McClatchy, among the top three newspaper companies in America, burdened by huge debt and a steep slide in newspaper readership and advertising, wants to sell one of its most prized properties, The Miami Herald, according to people briefed on the company’s plans. That would be like you selling your best late model car that you use to get downtown to work every day.
McClatchy has approached potential buyers for The Herald, said people within the company (not able to give their names out of fear). But they said they knew of no serious offers for the paper, reflecting the reality of major investors’ interest in buying newspapers. None what so ever.
The reports all say about the same thing. The blood letting will continue for a long while. Eventually, only the top regional newspapers will survive in a mixed media format of print and online news and advertising. The list of survivors will not have room for papers like the Miami Herald, Rocky Mountain News, or even the Sacramento Bee. The San Francisco Chronicle will handle Northern California and the LA Times Southern Cal.
In Florida, readers will keep with the NY Times and the St Petersburg Times will become Florida’s paper of record. Just my opinion of course.
A company spokeswoman refused to discuss the matter. Elaine Lintecum, the treasurer, said, “We do not comment on market rumors.”
Well, time will tell. What workers should watch for: window dressing. There will be blood letting.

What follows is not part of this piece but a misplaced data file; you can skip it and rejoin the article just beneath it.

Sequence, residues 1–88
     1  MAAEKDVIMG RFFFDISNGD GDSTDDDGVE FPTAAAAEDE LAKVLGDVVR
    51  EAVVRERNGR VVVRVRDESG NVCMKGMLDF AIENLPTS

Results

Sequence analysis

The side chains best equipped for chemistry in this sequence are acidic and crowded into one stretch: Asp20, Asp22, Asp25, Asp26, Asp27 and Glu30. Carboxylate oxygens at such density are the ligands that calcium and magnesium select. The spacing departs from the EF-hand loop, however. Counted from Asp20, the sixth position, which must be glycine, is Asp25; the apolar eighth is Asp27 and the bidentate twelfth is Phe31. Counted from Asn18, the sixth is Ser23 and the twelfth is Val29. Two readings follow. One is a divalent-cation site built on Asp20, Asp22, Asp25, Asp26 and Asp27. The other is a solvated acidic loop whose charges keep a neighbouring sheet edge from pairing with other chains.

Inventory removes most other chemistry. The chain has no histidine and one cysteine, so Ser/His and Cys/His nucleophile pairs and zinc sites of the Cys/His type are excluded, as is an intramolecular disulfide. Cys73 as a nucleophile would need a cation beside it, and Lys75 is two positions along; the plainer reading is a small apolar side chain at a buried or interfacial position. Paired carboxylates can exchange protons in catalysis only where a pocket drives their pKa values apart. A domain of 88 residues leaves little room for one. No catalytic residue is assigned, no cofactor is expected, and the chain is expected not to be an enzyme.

You will experience some more cuts. The bean counters will have to make the books look good in Miami for the next six months. Computers will not be replaced, of course, neither will people, even the work horses who take the chump change buyouts.
There will be some morale-boosting promotions such as “awards” to some high profile employees to add to the window dressing, but not with pay. Next, watch for tours of about six people in suits — accountants, corporate attorneys and a few silver haired consultants. Be nice to them, who knows if the older guy in his 60s will be the publisher in May of ’09.
The McClatchy folly in 2006 is a case study in bad management. They bought Knight Ridder when its share holders said dump the bad business and the remaining Ridder family members looked at the numbers and said, “yes, you are right, sell now!”
Through the first 10 months of this year, McClatchy’s ad revenue fell 14.7 percent in other parts of the country, but 22.5 percent in California and Florida, the NY Times reported. (The Times does a good job reporting on the troubles of comepetitors).
The McClatchy share price, which exceeded $75 in 2005, ironically started its slide soon after they purchesed the Knight Ridder papers, closed at $2.20 on Friday. So, for the price of a Rockstar sport drink, you could buy a share of McClatchy stock. Go for the Rockstar, you really will get something for your money.